China and South Korea share significant common interests. After decades-long isolation from each other, the past 20 years has been a learning experience for how to resolve differences between both countries. Amidst these frequent exchanges, some frictions are inevitable. In this case, China and South Korea should deal with these issues from a strategic and long-term perspective, which requires patience, compromise, and cooperation.

Prospects for the Next Decade of PRC-ROK Relations

Over the past two decades, PRC-ROK relations have already undergone rapid development and are now operating under the framework of a “strategic cooperative partnership.” Will future developments in PRC-ROK relations bring further benefits for China and South Korea in the following decade? Are there opportunities for further strengthening PRC-ROK ties? Seen from a strategic and developmental perspective, prospects for cooperation and development between China and South Korea in the fields of economy, culture, and politics is bright.

Common interests in maintaining peace and stability on the Korean Peninsula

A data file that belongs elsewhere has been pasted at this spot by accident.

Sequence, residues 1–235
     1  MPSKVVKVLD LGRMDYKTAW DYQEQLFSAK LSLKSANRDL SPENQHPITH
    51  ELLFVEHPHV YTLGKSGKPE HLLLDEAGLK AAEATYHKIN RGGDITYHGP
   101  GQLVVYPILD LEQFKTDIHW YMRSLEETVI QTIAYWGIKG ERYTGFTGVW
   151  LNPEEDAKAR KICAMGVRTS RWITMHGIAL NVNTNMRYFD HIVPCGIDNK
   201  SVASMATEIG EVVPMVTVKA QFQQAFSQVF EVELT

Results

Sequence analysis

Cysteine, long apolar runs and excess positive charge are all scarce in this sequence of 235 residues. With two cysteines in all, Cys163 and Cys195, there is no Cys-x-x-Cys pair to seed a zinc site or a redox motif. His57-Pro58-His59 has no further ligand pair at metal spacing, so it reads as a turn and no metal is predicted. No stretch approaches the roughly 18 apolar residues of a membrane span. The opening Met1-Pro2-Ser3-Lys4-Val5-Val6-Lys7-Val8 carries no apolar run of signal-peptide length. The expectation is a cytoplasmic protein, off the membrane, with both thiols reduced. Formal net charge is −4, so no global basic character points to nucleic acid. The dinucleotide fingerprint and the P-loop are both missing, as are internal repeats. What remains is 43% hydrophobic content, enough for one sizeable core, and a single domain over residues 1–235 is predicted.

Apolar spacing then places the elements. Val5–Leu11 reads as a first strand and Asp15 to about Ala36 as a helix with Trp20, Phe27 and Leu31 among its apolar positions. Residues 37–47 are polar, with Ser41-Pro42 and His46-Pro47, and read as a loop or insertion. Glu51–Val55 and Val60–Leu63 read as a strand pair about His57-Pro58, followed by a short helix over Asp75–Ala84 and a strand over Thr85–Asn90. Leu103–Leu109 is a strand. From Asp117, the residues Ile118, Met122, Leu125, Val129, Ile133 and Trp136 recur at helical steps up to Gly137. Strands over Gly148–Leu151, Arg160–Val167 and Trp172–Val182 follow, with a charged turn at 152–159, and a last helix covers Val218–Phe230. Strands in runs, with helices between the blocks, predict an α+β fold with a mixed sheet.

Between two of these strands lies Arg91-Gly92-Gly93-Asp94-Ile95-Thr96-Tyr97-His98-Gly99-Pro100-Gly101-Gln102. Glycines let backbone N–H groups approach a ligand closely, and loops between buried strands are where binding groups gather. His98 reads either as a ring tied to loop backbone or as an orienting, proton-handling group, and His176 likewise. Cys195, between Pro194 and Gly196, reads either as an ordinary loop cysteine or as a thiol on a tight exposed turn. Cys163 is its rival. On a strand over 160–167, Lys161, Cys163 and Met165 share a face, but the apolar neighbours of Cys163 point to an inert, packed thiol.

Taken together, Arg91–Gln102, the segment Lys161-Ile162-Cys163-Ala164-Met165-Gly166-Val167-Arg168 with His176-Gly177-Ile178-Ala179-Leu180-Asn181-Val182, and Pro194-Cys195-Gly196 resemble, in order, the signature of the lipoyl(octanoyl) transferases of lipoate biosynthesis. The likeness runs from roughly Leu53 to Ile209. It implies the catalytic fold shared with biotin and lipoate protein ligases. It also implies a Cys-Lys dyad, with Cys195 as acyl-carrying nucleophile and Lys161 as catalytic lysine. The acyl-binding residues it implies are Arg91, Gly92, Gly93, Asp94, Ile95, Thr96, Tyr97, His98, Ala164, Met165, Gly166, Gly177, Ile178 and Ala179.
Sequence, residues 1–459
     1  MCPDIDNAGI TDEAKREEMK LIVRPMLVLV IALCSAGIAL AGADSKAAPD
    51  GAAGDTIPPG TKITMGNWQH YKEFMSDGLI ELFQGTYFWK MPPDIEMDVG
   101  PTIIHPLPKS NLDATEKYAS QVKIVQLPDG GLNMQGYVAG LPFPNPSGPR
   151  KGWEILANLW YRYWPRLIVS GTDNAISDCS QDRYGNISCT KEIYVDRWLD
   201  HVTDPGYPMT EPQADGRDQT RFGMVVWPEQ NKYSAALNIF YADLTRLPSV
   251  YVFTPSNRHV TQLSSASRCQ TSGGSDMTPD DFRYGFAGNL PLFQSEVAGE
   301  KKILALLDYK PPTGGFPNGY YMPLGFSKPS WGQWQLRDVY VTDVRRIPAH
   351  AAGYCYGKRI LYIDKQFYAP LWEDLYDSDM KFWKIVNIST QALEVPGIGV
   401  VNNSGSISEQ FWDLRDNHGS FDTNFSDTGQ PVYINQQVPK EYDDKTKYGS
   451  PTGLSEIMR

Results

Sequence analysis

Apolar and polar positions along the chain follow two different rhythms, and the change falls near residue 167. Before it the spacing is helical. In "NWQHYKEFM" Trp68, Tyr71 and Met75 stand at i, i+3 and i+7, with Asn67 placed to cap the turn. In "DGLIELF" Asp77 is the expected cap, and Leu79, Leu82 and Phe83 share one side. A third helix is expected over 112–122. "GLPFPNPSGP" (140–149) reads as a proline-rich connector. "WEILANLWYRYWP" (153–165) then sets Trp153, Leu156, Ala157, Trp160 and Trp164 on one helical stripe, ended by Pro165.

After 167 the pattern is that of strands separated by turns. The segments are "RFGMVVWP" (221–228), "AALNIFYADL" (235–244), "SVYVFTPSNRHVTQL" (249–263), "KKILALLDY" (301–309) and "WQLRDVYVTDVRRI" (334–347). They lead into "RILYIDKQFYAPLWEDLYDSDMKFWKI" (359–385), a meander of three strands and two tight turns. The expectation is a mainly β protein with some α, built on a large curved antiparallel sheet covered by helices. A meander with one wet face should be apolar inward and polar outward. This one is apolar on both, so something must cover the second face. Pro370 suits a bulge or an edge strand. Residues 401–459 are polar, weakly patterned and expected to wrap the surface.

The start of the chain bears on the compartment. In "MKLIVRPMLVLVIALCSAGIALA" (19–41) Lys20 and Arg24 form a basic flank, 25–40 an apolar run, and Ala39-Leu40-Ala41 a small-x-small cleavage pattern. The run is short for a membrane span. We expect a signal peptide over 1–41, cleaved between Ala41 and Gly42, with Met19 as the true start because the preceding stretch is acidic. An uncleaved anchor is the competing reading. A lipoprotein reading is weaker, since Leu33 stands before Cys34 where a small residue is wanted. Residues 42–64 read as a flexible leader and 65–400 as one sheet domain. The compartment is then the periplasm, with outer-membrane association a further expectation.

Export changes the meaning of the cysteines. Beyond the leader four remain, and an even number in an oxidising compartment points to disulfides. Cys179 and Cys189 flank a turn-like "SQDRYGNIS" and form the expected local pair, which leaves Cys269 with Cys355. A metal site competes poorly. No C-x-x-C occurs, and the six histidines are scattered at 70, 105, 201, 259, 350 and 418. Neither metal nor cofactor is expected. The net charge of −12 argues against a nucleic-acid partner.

Maintaining peace and stability on the Korean Peninsula and achieving peninsular denuclearization are in the interest of China and South Korea and serve the objectives of both countries. After North Korea conducted its third nuclear test, security issues on the Korean Peninsula will continue to pose an important challenge to the new leadership of China and South Korea and all relevant parties, including the United States. In her presidential campaign, South Korea’s newly elected President Park Geun-hye argued that a relationship of mutual trust should be built with North Korea based on the premise that North Korea will not continue to develop its nuclear programs. Park Geun-hye’s “trust program” will face a big challenge after North Korea’s third nuclear test. Nevertheless, China and South Korea should promote mutual trust through increased dialogue, communication, and focusing on crisis management mechanisms to prevent crises in the region from escalating.

Dividends from complementary economic cooperation

China and South Korea plan to increase their bilateral trade volume by 50 percent, rising from the 2010 level of US$200 billion to US$300 billion by 2015.4 Future economic cooperation between the two countries can be complementary and beneficial in the following ways.

First, since a major task for China in the upcoming decade is to readjust its developing model and transform from an export-oriented economy to a consumption-driven economy, demand in China’s market will increase and become more diversified and provide a larger market for Korean products.